fundamental principle of it is: “there are rights upon you of your own person.”

The Shari’ah forbids the use of all those things which are injurious to man’s physical, mental
or moral existence. It forbids the consumption of blood, intoxicating drugs, flesh of the pig,
beasts of prey, poisonous and unclean animals and carcases; for all these have undesirable
effects on the physical, moral, intellectual and spiritual life of man. While forbidding these
things, Islam enjoins man to use all clean, healthy and useful things and asks him not to deprive
his body of clean food, for man’s body, too, has a right on him. The law of Islam forbids nudity
and orders man to wear decent and dignified dress. It exhorts him to work for a living and
strongly disapproves of him remaining idle and jobless. The spirit of the Shari’ah is that man
should use for his comfort and welfare the powers God has bestowed on him and the resources
that He has spread on the earth and in the heavens.

Islam does not believe in the suppression of sexual desire, it enjoins man to control and
regulate it and seek its fulfilment in marriage. It forbids him to resort to self-persecution and
total self-denial and permits him, indeed, bids him, to enjoy the rightful comforts and pleasures
of life and remain pious and steadfast in the midst of life and its problems.
To seek spiritual elevation, moral purity, nearness to God and salvation in the life to come, it is
not necessary to abandon this world. Instead, the trial of man lies in this world and he should
remain in its midst and follow the way of Allah in it. The road to success lies in following the
Divine Law in the midst of life’s complexities, not outside it.

Islam forbids suicide and impresses on man that life belongs to God. It is a trust which God has
bestowed for a certain period of time so that you may make the best use of it - it is not meant to
be harmed or destroyed in a frivolous way.

This is how Islam instils in the mind of man that his own person, his own self, possesses
certain rights and it is his obligation to discharge them as best he can, in the ways that have been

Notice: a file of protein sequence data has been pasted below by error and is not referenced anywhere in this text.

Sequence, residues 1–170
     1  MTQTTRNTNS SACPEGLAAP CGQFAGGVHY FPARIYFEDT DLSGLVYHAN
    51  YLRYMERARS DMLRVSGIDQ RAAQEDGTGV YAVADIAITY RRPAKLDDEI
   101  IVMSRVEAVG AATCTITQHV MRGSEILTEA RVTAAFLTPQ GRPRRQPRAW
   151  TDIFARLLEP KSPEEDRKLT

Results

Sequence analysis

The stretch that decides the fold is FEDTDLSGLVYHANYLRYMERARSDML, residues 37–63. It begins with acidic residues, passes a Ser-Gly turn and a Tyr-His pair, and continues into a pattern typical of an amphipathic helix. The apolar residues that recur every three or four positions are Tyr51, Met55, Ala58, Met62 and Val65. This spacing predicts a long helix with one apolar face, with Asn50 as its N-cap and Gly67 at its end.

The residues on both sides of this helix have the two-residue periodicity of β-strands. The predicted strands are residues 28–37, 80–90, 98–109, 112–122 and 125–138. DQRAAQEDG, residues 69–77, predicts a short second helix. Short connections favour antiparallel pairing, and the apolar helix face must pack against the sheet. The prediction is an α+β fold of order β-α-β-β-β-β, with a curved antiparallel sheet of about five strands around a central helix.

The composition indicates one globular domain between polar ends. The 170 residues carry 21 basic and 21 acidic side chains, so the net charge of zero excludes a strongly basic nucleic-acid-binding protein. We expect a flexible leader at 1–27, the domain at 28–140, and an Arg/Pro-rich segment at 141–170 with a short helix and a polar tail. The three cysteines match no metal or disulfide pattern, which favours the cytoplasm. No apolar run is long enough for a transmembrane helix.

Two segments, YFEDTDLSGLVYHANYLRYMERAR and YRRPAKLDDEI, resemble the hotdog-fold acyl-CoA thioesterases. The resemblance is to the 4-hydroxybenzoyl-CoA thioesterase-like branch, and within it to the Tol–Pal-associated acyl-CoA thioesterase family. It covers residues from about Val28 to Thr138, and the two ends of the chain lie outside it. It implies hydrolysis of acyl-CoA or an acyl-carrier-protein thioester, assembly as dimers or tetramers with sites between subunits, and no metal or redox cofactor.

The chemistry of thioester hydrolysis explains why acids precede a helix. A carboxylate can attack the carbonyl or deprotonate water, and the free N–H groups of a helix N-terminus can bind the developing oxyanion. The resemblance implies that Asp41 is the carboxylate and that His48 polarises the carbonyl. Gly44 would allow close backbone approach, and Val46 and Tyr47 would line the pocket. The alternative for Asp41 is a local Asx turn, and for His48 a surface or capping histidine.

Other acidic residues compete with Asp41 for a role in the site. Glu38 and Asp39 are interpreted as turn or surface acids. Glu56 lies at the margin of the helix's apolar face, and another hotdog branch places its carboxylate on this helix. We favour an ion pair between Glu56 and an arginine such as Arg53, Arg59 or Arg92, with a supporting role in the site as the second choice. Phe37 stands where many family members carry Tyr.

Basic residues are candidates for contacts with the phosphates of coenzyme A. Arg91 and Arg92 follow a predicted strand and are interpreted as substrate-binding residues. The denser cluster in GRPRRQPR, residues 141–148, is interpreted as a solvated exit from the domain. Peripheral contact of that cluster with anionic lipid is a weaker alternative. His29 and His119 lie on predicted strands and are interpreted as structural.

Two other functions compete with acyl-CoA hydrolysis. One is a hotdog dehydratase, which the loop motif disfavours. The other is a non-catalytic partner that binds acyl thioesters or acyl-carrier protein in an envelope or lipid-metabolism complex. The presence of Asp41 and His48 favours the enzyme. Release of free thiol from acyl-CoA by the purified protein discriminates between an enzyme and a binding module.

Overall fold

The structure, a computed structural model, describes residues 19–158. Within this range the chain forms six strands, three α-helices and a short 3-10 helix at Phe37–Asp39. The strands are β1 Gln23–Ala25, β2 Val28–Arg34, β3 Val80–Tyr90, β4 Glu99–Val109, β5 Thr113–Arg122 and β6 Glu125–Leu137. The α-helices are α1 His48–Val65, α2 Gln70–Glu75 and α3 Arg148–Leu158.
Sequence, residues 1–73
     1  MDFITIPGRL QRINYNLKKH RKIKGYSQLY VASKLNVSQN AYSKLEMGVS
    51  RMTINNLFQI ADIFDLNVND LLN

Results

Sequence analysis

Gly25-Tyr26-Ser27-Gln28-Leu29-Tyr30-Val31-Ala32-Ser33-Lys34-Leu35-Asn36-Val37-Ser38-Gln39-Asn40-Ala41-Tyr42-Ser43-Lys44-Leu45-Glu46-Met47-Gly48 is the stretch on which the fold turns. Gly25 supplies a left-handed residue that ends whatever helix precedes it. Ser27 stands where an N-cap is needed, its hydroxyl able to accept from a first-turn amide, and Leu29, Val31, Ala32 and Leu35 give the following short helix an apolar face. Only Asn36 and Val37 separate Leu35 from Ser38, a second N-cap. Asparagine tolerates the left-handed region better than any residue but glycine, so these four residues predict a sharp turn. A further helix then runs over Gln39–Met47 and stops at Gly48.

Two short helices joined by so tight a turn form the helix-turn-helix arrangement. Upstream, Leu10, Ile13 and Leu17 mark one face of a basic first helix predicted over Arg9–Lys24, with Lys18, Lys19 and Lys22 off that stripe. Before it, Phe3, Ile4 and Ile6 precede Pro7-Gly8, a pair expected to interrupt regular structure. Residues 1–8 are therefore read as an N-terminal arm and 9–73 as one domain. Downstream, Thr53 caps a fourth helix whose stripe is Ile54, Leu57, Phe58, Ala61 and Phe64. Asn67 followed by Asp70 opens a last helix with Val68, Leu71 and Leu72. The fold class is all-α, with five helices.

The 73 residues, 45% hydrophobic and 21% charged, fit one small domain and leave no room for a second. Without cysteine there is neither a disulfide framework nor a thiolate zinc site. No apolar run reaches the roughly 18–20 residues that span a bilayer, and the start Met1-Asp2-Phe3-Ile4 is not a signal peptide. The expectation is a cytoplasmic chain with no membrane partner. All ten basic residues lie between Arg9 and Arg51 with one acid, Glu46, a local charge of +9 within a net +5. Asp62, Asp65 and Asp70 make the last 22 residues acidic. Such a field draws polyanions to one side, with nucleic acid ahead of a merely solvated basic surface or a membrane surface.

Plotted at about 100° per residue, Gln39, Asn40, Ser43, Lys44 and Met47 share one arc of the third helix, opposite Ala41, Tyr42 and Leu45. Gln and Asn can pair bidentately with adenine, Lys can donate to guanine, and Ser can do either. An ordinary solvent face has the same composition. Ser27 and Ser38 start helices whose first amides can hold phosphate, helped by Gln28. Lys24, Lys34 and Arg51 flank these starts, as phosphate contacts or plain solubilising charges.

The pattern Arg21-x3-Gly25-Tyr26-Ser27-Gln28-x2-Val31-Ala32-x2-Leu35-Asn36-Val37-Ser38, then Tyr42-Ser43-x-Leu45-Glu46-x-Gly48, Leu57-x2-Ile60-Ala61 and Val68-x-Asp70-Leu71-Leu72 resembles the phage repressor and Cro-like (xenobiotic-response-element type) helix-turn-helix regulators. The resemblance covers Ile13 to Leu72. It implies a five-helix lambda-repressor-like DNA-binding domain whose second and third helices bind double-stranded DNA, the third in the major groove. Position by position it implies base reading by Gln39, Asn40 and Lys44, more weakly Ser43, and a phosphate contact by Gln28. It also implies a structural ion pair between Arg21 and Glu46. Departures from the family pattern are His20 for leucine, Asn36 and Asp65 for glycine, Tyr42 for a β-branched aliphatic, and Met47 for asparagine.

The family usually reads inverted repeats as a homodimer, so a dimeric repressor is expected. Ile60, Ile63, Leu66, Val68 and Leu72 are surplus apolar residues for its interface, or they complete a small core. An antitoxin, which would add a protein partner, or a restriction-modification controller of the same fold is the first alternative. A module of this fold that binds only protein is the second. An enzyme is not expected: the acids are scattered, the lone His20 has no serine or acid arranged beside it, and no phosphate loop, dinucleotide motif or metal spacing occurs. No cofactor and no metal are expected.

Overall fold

suggested by the Shari’ah. This is how he can be true to his own self.




3. The Rights of Other Men
On the one hand the Shari’ah has enjoined man to fulfil his personal rights and be just to his own
self, and on the other, it has asked him to seek their fulfilment in such a way that the rights of
other people are not violated. The Shari’ah has tried to strike a balance between the rights of
man and the rights of society so that no conflict arises and there is co-operation in establishing
the law of God.

Islam has strictly forbidden the telling of a lie in any shape or form, for lies sully the liar, harm
other people and become a source of menace to society. It has totally forbidden theft,
bribery, forgery, cheating, the levying of interest and usury, for whatever man gains by these
means is obtained by causing loss and injury to others. Back-biting, tale-telling and slander have
been forbidden. Gambling, lottery, speculation and all games of chance have been prohibited,
for in all of them one person gains at the expense of thousands of losers.

All those forms of exploitative commerce have been prohibited in which one party alone is to be
the loser. Monopoly, hoarding, blackmarketing, holding of land from cultivation and all other
forms of individual and social aggrandizement have been prohibited. Murder, bloodspilling